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Take That

 

Take That are a band that originated in Manchester, England in 1990. The original members were Gary Barlow, Mark Owen, Robbie Williams, Jason Orange and Howard Donald. Between the band’s first single release, “Do What U Like” and “Promises” in 1991 and their cataclysmic breakup in 1996 when Robbie Williams left the band to pursue a solo career in 1995, the BBC described Take That as “the most successful British band since The Beatles, beloved of young and old alike.”

Take That’s dance-pop tunes and soulful ballads dominated the British charts in the first half of the 1990s. They released two of the best selling albums of the decade with Everything Changes (1993) and Take That: Greatest Hits (1996). According to the AMG Music Guides, “at this time were giant superstars in Europe with the main question about them not being about whether they could get a hit single, but how many and which would make it to number one.”

The band reformed with the exception of Robbie Williams in 2006 and released their first new single in 10 years: “Patience.” Following the success of “Patience,” they released the album Beautiful World which topped sales in 2006 and sold more than the current release by Robbie!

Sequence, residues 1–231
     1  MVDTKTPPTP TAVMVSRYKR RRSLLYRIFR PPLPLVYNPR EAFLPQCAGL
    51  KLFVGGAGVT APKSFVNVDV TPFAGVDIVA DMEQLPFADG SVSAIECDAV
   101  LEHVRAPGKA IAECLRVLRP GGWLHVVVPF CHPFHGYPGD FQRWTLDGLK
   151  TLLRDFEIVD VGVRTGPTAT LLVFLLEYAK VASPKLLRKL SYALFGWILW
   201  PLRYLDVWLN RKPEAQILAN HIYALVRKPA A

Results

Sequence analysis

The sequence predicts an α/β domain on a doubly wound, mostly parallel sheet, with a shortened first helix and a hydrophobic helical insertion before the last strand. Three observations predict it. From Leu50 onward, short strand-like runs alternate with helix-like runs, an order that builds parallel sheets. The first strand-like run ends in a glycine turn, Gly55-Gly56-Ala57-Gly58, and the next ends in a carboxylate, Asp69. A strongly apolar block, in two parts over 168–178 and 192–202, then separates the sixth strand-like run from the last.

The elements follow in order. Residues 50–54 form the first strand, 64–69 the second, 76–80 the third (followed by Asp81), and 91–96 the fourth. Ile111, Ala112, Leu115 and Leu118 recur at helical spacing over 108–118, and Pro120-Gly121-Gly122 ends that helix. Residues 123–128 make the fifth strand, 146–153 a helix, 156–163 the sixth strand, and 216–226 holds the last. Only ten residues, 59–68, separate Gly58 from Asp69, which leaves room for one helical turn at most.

During 2007, Take That also wrote a song for the motion picture Stardust titled “Rule the World” which reached #2 in the UK charts and went on to be the 5th biggest selling single of 2007. Meanwhile the album Beautiful World was the fourth biggest selling album of 2007.


Take That are an English pop group who formed in 1990. The group currently consists of Gary Barlow, Howard Donald, and Mark Owen. The original line-up also featured Jason Orange and Robbie Williams. Barlow acts as the group's lead singer and primary songwriter. Owen and Williams would provide backing vocals, with Donald and Orange serving primarily as dancers.

The group have had 28 top 40 singles and 17 top 5 singles in the United Kingdom,of which have reached number 1, as well as having seven number 1 albums. Internationally the band have had 56 number 1 singles and 37 number 1 albums.

Robbie Williams left the band in 1995 while the four remaining members completed their world tour and released a final single before splitting up in 1996. After filming a 2005 documentary about the group and releasing a new greatest hits album, a four-piece Take That without Williams officially announced a 2006 reunion tour around the UK, entitled The Ultimate Tour. On 9 May 2006, it was announced that the group were set to record new material together once again; their fourth studio album, Beautiful World, was released in 2006 and was followed up with The Circus, in 2008. The group achieved new success as a four-piece, scoring a string of chart hits across the UK and Europe while taking the number of records sold to 45 million worldwide.

Williams rejoined Take That in 2010 for the band's sixth studio album, Progress. Released on 15 November of that year, it was the first album of new material to feature Take That's original line-up since their 1995 album, Nobody Else. It became the fastest selling album of the 21st century and the second fastest selling album in British history.

In 2014 the band recorded a seventh studio album, this time as a trio without Williams and Orange. The album, titled III, was released in November 2014 and became the band's seventh number 1. It was preceded by the single "These Days", which became the band's 12th number 1 single in the UK.